The beauty (long term) of shortages

Have you noticed there seem to be a lot of shortages looming?

Olive oil is expected to be hit hard by weather and related insect problems in Europe. And that's where more than 70 percent of the world's production comes from.

Our recent winter onslaught hit road salt supplies before inventories were fully restocked, leading to potential shortfalls there.

Meanwhile, because of increases in consumption and drops in cocoa production, some outfits are predicting a shortage of chocolate in coming years. There are already minor shortfalls in immediate supplies. There are fears those deficits will get worse with weather problems in Africa and fungus infestations in South America.

Read MoreThe coming choc-apolypse

And if that wasn't enough, increases in demand for turkeys have folks wondering about a bird shortage just in time for Thanksgiving.

If all these dire outlooks have you worried, stop. Predictions like these tend to be based on production downtrends.

When shortages come, prices go up. Indeed price hikes have been reported already for olive oil, road salt and chocolate. (Not so much for turkeys, but sellers like to keep those prices down in hopes that you'll buy higher-margin cranberries and pumpkin pie fixings while picking up the bird).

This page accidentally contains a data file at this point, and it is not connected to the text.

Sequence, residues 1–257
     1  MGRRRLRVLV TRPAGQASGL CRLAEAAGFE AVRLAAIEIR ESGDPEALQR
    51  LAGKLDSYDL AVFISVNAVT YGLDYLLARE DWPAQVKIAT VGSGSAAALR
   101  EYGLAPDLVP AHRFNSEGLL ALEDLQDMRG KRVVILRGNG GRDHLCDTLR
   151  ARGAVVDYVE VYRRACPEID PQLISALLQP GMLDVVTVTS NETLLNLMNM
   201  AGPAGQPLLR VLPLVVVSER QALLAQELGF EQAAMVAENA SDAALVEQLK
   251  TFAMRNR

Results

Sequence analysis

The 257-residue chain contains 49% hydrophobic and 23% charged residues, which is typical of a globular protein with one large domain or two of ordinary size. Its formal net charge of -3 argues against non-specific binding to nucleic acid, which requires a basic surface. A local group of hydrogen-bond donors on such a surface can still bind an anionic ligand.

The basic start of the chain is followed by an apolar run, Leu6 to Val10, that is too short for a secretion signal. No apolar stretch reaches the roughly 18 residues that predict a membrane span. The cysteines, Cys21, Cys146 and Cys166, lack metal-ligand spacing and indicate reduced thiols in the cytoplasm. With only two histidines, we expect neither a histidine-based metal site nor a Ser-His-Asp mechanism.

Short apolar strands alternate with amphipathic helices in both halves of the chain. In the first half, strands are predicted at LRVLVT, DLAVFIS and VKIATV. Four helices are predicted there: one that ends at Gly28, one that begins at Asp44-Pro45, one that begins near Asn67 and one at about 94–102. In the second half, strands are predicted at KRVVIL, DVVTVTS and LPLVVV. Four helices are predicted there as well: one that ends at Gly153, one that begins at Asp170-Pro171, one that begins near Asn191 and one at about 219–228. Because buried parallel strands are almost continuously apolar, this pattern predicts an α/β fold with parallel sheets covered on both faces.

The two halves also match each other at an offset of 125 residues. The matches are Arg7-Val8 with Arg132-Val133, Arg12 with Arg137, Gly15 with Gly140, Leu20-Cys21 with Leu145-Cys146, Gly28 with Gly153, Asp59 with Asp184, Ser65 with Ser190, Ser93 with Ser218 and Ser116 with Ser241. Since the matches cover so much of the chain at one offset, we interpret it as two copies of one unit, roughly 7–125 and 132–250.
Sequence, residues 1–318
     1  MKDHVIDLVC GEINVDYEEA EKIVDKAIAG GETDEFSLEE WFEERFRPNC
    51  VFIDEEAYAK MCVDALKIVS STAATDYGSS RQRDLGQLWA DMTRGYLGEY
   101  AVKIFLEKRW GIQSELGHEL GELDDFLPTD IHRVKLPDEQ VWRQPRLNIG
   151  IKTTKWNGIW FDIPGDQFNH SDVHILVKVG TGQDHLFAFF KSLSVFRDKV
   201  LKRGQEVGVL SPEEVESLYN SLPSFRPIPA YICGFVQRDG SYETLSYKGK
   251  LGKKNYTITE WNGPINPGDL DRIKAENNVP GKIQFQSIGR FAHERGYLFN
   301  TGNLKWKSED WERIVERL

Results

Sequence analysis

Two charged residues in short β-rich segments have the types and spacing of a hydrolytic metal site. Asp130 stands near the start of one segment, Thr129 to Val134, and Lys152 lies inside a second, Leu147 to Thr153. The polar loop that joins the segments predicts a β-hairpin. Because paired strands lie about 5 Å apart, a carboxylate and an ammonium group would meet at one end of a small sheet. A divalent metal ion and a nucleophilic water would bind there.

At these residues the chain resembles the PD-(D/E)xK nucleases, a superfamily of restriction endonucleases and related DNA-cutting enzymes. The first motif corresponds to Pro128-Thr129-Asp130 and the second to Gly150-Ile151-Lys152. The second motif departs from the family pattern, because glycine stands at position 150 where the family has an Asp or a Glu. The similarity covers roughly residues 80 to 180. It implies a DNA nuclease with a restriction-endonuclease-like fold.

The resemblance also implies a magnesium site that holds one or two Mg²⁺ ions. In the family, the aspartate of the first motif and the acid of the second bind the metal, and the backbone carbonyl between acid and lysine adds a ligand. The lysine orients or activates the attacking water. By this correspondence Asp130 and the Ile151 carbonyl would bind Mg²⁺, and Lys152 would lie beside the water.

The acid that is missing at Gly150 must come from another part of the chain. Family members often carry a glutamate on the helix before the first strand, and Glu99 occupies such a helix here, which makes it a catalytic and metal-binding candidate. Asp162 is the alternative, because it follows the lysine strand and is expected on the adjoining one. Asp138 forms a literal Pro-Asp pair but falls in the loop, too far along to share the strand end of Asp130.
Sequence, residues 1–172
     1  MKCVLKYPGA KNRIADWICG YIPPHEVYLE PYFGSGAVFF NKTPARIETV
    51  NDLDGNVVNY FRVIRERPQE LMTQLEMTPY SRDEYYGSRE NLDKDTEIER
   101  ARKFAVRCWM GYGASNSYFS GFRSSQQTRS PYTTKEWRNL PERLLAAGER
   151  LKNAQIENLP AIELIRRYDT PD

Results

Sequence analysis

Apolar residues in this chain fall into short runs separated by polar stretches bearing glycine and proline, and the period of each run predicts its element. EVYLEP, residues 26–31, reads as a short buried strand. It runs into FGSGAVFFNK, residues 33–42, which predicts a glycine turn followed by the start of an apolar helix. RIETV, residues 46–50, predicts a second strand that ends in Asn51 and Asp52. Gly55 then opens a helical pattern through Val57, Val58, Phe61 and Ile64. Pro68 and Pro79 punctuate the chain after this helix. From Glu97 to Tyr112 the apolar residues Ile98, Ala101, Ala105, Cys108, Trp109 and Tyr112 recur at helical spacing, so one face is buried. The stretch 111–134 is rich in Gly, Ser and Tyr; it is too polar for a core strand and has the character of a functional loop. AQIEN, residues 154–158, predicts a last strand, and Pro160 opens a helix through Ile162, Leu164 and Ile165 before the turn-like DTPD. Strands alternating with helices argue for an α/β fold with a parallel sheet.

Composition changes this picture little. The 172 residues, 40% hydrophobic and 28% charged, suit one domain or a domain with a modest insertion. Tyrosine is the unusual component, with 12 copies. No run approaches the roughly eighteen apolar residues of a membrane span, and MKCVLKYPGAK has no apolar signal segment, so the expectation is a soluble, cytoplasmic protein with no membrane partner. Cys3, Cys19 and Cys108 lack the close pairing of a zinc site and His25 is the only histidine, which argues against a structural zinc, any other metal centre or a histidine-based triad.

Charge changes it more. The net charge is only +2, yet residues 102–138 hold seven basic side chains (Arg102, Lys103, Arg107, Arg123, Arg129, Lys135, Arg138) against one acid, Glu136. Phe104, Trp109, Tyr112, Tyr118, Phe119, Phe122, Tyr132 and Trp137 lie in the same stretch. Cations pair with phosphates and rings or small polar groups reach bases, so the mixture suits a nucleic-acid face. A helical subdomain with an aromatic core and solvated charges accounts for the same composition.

But higher prices make it more tempting to find ways to increase production and cash in – weather, bugs and whatever else be damned. Indeed, the higher prices climb the more inclined producers are to sink money into research on weather patterns, insecticides, and inventory management.

So take heart kitchen gourmands and chocoholics. Short-term pains lead to long-term gains. That's the beauty of economics, when it's allowed to move freely.